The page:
UK opera companies rally to retain orchestras
28 January 2013, Leeds, UK
Opera North music director Richard Farnes(Photo: Bill Cooper)
Report by Keith Clarke
Fears that the opera orchestra could be an endangered species were raised at this year’s annual conference of the Association of British Orchestras, held in Leeds 23-25 January.
In a session chaired by Opera Now editor Ashutosh Khandekar, the challenges facing opera orchestras were outlined by Richard Farnes and Richard Mantle, music director and general director of Opera North, and Henry Little, chairman of the National Opera Co-ordinating Committee.
Little, who spent ten years as head of opera at Arts Council England, said: ‘Across the country, the whole network of opera ensembles is largely quite unacknowledged, yet it is a top-quality musical force that really drives the success of the companies.’ There had been calls to disband opera orchestras, with existing concert orchestras deployed instead. Little said he had ‘spent ages in darkened rooms drawing up models and looking at schedules … and in every case it just wasn’t practical.’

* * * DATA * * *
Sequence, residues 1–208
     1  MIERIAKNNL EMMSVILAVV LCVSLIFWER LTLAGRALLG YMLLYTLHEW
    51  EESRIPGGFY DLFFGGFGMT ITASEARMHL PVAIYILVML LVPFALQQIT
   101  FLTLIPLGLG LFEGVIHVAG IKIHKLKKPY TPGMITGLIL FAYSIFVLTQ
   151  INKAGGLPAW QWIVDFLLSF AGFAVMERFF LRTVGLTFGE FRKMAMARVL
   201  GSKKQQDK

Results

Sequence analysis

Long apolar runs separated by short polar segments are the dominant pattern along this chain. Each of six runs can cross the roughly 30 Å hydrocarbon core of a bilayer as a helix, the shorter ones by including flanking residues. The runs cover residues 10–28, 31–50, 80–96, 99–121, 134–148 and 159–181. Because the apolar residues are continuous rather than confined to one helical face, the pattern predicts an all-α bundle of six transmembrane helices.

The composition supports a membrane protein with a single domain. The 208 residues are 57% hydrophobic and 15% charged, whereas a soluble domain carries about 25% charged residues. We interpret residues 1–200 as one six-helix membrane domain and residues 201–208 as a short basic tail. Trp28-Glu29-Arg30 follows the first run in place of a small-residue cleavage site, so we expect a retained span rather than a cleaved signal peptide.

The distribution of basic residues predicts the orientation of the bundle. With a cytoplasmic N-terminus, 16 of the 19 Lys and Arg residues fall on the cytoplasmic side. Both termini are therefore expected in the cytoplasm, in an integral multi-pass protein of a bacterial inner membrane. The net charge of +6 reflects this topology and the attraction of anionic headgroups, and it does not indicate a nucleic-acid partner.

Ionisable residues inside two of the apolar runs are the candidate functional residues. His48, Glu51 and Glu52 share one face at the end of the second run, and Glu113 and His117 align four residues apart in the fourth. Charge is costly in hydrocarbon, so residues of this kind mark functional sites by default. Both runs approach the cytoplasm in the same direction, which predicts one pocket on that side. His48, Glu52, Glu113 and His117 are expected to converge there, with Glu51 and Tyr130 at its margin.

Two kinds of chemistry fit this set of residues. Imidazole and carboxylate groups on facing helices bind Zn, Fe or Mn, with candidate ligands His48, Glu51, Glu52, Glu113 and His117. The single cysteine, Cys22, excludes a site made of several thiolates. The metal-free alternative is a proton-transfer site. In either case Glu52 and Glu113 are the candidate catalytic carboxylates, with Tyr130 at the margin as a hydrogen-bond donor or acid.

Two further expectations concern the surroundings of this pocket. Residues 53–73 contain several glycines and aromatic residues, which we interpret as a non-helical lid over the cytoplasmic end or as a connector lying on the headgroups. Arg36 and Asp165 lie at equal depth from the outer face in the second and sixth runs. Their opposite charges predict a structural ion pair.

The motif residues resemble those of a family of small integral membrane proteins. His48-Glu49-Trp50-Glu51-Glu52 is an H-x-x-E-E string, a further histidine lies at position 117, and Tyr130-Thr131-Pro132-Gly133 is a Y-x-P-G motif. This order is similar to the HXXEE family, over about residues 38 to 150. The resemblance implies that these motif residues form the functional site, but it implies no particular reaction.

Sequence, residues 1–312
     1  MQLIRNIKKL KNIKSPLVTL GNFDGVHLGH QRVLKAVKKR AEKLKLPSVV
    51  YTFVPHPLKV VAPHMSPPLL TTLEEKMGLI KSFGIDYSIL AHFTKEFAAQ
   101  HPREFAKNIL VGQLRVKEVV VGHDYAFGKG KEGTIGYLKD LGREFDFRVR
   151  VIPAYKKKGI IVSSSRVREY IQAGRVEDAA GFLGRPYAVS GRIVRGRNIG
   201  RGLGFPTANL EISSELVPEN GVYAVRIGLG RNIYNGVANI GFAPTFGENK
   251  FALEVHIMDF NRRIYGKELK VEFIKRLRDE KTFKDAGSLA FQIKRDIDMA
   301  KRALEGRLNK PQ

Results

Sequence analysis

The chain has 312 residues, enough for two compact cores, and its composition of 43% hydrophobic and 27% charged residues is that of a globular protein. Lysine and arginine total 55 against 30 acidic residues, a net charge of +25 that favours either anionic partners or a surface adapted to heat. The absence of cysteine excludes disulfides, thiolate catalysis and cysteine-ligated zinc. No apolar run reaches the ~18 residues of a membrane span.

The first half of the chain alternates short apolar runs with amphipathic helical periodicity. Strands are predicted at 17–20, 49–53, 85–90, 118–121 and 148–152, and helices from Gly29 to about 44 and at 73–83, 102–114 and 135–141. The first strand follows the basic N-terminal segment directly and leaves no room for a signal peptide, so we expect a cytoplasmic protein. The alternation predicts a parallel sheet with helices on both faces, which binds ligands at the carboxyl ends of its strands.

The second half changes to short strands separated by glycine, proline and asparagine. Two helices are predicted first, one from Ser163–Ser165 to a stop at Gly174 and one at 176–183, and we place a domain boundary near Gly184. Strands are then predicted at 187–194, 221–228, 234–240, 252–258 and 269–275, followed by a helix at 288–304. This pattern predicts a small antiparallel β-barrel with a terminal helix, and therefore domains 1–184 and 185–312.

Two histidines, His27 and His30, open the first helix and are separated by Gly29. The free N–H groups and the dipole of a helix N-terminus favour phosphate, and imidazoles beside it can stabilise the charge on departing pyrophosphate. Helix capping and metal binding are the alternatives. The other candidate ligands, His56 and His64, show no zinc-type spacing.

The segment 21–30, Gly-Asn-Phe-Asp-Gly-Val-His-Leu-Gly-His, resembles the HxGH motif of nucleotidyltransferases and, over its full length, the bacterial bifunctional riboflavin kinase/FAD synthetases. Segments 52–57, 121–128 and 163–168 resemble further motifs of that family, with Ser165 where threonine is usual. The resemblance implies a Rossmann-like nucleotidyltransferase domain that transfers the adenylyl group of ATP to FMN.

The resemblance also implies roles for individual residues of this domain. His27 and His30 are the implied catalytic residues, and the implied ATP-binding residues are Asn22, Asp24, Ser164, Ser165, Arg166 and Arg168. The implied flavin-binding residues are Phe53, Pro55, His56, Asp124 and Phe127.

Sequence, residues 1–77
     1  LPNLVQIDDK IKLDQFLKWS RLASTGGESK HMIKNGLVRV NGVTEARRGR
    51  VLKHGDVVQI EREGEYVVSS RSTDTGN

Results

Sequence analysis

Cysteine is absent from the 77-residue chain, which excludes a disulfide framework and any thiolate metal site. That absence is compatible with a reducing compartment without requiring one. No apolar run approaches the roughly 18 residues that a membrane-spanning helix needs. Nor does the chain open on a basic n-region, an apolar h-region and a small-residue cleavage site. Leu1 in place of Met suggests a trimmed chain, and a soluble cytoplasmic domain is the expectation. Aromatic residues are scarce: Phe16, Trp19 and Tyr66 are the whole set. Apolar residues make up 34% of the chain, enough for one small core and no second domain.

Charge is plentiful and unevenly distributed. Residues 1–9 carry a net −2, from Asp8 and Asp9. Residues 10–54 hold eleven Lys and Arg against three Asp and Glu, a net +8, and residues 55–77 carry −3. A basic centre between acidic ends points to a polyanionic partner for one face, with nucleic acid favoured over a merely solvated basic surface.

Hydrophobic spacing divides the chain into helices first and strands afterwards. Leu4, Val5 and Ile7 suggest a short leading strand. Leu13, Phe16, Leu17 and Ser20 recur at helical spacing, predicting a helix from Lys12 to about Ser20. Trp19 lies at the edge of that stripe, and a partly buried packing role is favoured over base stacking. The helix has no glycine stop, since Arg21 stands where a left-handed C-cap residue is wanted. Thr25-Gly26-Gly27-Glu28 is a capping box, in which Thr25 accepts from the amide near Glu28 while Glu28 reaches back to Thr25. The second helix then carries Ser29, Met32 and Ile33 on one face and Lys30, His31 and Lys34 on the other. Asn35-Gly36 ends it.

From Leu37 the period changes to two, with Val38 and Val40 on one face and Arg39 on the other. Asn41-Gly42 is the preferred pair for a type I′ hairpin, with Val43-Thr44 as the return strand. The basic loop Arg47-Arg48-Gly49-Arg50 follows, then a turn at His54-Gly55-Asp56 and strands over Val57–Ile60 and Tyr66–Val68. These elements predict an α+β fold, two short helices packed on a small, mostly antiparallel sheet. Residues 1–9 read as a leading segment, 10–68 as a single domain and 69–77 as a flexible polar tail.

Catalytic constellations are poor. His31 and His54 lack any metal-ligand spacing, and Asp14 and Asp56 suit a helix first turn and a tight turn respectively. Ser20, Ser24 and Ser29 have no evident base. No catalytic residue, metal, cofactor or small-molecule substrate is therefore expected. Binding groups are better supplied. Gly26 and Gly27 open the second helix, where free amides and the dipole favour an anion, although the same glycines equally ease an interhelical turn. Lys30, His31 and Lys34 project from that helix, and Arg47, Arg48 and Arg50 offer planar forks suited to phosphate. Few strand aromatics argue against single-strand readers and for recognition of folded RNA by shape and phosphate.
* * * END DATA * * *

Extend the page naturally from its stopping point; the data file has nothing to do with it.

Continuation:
Aside from the logistics, the ensemble nature of an opera orchestra could not be overlooked, said Richard Farnes: ‘Opera companies are called opera companies for a very good reason. It’s an ensemble of people with a multitude of different crafts who are all coming together with a common aim to create a three-dimensional piece of work musically and thematically on the stage. The intrinsic quality of what you get from an ensemble is completely different.’
Arts Council England is currently reconsidering its provision of opera in England. Richard Mantle seemed unoptimistic about the outcome. ‘There is a staggering lack of understanding among our funders about the very particular nature of opera. It’s all about costs. The Arts Council is absolutely terrified of the relative costs of an opera company or a large-scale lyric company, the big employers. They see something like 39% of their grant going to nine companies and they really can’t cope with that.’